False Claims Act (Whistleblower) Litigation

This is one area that I will consider representing a person whose interests may be adverse to the interests of the provider. It is also the only area besides Art Law where my firm accepts cases on a contingency basis. Further, this is an area that I will consider handling cases against entity other than a health care provider; for example, actions against military equipment distributors and manufacturers. There are Federal and State False Claims acts (FCA) which allow a whistleblower to recover in a civil action filed against a business or entity who accepts government funds that the whistleblower suspects of committing fraud impacting the government program. The whistleblower is usually an individual who is an employee of the business allegedly committing the fraud. Most of these health care cases involve government health care programs like Medi-Cal and Medicare. However, in California, there is a law that provides a whistleblower action against a private insurer suspected of committing fraud. Further, the FCA is broad enough to include actions involving fraud impacting a broad spectrum of government entities including the military, the Department of Homeland Security and housing agencies.

The FCA encourages individuals who observe fraud at their employer to file suit against the employer suspected of committing the fraud. The whistleblower has the potential to reap large financial benefits from the lawsuit while being protected from retaliation. It works like this.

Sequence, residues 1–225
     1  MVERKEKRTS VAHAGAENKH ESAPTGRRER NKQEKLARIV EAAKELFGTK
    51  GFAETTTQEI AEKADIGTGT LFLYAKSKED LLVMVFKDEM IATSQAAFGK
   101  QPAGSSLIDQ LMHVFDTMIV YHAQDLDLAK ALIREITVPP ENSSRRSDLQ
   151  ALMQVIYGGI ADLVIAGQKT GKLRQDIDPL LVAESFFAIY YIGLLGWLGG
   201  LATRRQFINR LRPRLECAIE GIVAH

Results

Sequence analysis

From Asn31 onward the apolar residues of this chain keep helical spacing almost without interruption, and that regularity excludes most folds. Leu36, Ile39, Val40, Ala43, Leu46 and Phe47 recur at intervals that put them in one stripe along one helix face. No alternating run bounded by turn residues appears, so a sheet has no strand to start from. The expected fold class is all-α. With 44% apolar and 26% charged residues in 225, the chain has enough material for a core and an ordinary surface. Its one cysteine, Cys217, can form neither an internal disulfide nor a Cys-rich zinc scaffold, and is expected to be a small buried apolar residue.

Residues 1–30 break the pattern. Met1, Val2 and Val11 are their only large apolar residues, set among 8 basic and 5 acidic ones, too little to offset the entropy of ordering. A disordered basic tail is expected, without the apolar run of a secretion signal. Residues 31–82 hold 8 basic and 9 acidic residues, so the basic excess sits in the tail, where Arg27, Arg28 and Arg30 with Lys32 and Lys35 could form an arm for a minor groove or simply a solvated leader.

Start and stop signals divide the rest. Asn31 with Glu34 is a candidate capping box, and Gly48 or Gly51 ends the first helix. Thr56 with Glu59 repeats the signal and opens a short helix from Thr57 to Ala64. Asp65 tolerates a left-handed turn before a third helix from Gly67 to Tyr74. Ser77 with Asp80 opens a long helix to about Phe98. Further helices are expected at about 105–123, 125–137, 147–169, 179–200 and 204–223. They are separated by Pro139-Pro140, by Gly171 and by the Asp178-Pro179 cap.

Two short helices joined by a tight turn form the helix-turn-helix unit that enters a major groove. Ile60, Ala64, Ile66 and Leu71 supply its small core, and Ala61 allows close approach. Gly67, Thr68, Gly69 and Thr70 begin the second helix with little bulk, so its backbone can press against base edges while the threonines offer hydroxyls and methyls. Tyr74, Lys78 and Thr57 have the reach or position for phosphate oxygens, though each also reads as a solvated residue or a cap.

1. The whistleblower has knowledge of the fraud by his or her employer and collects evidence of the fraud. There is no requirement that the whistleblower try to stop the fraud.
  2. The whistleblower comes to see a lawyer like me to judge the merits of the case and chances of success.
  3. If the case is viable, the lawyer puts together a booklet of evidence called the “disclosure statement” and files a suit in federal or state court “under seal”. “Under seal” means that the defendant company has no knowledge that the suit has been filed.
  4. The prosecuting agency is served a copy of the lawsuit and disclosure statement and is required by law to investigate the case. After the case is investigated the prosecuting agency decides whether or not to intervene.
  5. If the prosecuting agency intervenes the whistleblower cooperates with the government but does not have the expense of moving forward with the litigation.
  6. If the prosecuting agency settles the case or wins the case, the whistleblower collects his or her share of the proceeds of the case and pays the lawyer 1/3 of his or her share. If the prosecuting agency declines to intervene, normally the case is dropped with no further cost to the whistleblower.

I have vast and successful experience with these cases and headed the Civil Prosecutions Unit within the Bureau of Medi-Cal Fraud and Elder Abuse in the Attorney General’s Office before going into private practice.